In conclusion: I strongly believe that the ESC is on the right path to be a
significant and recognized Society in the field of contraception in Europe. We
(the Executive Committee and the Board) shall do our best to offer you even
more opportunities to actively participate in scientific, social and
educational activities of the Society. As the newly elected president, I am
honoured to contribute to this effort.


David Cibula





Reproductive Health in Hungary,

by Prof. Istvan Batar


The current state of reproductive health (RH) is very contradictory in
Hungary nowadays. The reasons are political, economical and behavioral. Nearly
fifteen years after the fall of the iron curtain, and even now that we are
members of the European Union, one can ironically state that the former
“socialist” regime was more pro “family planning” as it was called in those
days, than any government since 1990 has been for “reproductive health” as it
is now called (political factor).


At the latest ESC Seminar held in Budapest last September, a special
Hungarian session dealt with the country’s RH-related questions, and the
conclusions identified the following.




Compared to international (even western) data, the Hungarian
contraception rate is considered good: according to cross-sectional
investigations, between 1958 and 1993, it increased from 59% to 73% among women
of fertile age living in wedlock. However, the figure (72%) has not changed
since 1977. Longitudinal studies on
marriage conducted between 1988 and 2001 yielded somewhat better results: the
proportion of women relying on contraception 6 and 16 years after getting
married in one study, and 10 years following marriage in another one was 67%,
68% and 73% in 1989, 1990 and 2001, respectively.

However, it should be mentioned that there are no fresh cross-sectional data concerning the past
ten years, and we are also lacking regular studies, repeated at least every
5-10 years, which cover the whole fertile population (including single women as


Hungary has played a pioneering part in emergency contraception as, for over twenty years now, we have had
a lot of experience with Postinor (known as Rigesoft today), a drug containing
levornorgestrel (LNG) and produced by a Hungarian pharmaceutical company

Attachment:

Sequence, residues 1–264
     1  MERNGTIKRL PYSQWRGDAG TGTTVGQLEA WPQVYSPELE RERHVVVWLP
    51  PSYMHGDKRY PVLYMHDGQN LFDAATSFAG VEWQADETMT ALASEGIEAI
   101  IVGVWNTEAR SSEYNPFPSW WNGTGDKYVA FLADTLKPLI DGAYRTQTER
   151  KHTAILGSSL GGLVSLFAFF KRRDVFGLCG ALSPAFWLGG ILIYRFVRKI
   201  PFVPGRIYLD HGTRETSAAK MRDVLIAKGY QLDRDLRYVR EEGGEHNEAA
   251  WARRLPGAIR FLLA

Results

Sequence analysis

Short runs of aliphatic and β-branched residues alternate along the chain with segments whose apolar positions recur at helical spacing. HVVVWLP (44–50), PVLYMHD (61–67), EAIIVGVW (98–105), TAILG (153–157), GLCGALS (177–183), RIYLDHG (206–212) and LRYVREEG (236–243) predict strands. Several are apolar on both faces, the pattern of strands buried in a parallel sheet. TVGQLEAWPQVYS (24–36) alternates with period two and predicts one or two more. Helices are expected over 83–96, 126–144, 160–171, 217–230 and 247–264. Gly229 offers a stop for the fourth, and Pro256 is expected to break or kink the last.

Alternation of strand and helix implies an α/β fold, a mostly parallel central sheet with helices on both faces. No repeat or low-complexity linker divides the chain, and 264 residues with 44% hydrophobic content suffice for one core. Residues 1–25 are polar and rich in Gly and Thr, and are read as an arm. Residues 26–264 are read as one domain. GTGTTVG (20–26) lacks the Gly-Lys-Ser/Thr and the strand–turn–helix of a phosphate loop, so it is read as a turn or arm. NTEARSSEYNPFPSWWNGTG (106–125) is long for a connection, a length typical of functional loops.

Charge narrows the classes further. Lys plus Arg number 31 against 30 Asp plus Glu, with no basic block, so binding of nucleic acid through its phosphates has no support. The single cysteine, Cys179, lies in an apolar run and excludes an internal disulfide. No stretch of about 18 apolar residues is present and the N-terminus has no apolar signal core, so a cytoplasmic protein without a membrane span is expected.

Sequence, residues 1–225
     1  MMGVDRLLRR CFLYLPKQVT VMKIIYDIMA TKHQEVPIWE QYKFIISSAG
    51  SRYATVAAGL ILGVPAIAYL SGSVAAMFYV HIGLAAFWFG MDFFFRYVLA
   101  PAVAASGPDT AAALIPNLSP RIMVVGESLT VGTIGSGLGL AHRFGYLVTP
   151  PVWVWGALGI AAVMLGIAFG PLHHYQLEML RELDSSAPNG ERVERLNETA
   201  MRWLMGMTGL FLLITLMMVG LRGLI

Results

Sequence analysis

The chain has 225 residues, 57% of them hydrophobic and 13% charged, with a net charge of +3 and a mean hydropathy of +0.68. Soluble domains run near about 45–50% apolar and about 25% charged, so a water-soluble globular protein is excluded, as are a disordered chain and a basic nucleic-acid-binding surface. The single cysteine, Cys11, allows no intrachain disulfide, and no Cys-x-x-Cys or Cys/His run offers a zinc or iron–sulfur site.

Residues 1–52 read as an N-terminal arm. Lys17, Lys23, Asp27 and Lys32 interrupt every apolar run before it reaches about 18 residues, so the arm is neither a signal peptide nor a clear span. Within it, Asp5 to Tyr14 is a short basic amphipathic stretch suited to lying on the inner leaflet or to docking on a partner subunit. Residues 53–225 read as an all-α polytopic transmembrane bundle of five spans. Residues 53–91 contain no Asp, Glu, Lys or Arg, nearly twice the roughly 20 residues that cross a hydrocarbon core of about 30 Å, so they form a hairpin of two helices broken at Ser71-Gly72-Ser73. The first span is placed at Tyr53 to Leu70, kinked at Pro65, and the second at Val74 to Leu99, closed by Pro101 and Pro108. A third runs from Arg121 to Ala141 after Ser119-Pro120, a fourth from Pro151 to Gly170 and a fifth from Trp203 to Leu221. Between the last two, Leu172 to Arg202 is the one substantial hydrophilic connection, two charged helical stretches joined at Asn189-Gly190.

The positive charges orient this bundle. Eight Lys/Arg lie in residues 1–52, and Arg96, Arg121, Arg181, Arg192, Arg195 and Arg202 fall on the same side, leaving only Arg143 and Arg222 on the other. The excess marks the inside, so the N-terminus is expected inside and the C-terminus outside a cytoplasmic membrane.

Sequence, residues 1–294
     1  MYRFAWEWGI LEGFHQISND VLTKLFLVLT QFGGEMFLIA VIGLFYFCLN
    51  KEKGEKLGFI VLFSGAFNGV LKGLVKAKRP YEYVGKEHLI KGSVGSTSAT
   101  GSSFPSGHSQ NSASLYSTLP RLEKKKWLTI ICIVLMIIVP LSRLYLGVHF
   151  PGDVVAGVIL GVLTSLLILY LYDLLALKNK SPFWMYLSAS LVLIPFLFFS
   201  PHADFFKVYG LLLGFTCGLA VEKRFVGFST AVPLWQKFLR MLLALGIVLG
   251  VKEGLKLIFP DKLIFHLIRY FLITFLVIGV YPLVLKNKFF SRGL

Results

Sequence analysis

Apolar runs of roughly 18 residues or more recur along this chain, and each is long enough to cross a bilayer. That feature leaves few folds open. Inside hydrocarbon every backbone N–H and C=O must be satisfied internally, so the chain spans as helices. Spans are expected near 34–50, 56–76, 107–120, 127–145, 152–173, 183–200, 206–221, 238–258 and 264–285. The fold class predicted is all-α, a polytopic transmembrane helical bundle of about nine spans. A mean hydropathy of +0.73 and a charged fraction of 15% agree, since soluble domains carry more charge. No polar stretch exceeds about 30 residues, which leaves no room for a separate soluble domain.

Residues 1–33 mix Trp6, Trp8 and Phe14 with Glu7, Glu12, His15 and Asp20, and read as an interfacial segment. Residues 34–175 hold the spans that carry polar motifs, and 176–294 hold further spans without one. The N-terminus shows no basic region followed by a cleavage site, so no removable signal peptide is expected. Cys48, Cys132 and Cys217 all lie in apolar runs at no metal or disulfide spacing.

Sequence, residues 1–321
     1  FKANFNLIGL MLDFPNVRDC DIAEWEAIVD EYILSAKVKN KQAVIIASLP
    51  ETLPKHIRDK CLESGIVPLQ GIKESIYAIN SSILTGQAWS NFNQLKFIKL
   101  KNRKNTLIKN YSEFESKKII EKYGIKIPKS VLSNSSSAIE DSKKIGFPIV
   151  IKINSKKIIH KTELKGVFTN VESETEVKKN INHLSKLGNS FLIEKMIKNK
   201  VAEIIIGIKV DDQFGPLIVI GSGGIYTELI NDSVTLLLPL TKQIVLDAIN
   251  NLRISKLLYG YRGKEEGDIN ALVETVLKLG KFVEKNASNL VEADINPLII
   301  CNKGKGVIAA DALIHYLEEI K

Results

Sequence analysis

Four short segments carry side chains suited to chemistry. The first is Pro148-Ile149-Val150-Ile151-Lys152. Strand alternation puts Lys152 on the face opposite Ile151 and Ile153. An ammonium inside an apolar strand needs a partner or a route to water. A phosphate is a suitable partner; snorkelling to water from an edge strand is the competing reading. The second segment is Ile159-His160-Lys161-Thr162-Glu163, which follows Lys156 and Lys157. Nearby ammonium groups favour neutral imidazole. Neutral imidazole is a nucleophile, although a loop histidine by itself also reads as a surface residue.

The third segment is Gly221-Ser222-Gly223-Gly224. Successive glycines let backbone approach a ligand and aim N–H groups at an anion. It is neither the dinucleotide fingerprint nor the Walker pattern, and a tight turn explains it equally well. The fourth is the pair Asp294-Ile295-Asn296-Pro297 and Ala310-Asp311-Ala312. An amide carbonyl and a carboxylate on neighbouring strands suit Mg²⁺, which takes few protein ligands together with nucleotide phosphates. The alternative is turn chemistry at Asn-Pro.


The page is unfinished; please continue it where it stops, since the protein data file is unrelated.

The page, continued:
Richter. However, many countries (especially the western ones) have overtaken
us in everyday practice. Other countries have greater usage rates which are
closely associated with the approach of doctors, pharmacists and the lay public
alike. More and more (western) countries have provided over-the-counter (OTC)
access to these preparations, which is not the case in Hungary.


Practically all forms of contraceptives are available, but owing to
steadily rising prices many find them inaccessible (economical factor). This is especially true of the young
population. The National Health Insurance (NHI) has not subsidized any type of
contraceptives since 1993, and people have to pay full price for pills, IUDs
and even for sterilization.




Despite the high contraception rate, and in the view of all of the
parameters, the proportion of induced
is unacceptably high in Hungary. On the one hand, lack of
information on the appropriate use of contraceptives plays a role in high
abortion rates (behavioral factor:
the method is known but applied inconsequently, or less effective methods are
used). On the other hand, the high price of contraceptives is also a powerful
limiting factor.


Vacuum aspiration is the main form of induced abortion up to 12 weeks of
gestation under general anesthesia. Mini suction (“menstrual regulation”) is
used only in selected, mostly university centers. “Medical abortion” with Mifepristone (RU486) is not available in
Hungary. A few years ago, attempts were made to present the method in the
Journal of Hungarian Gynecologists but soon after that, still in the phase of
preparation, we had to give up the idea – and not for professional reasons.


There is a
network (Family Protection Service = FPS) run by specially trained nurses where
a woman seeking an abortion has to attend. This two-session discussion
(pre-abortion counselling) is compulsory before surgery. The first session is
conducted anonymously. Following this, there is a 3-day waiting
(thinking/decision) period. After that the nurse records the case, and
completes the strict administrative procedures set by law in the second session.
The abortion can then be performed even on the same day.


The abortion
cost (approximately Euro 100) are not covered by the national health insurance
(unless the reason is medical). However, the price can be reduced by 50%, 70%
or 100% according to the woman’s social/economical situation. (There is a
detailed official list of circumstances based on which the reduced fee is determined
by the staff of FPS.)


Sexually transmitted infections


All over Europe, the rise in STI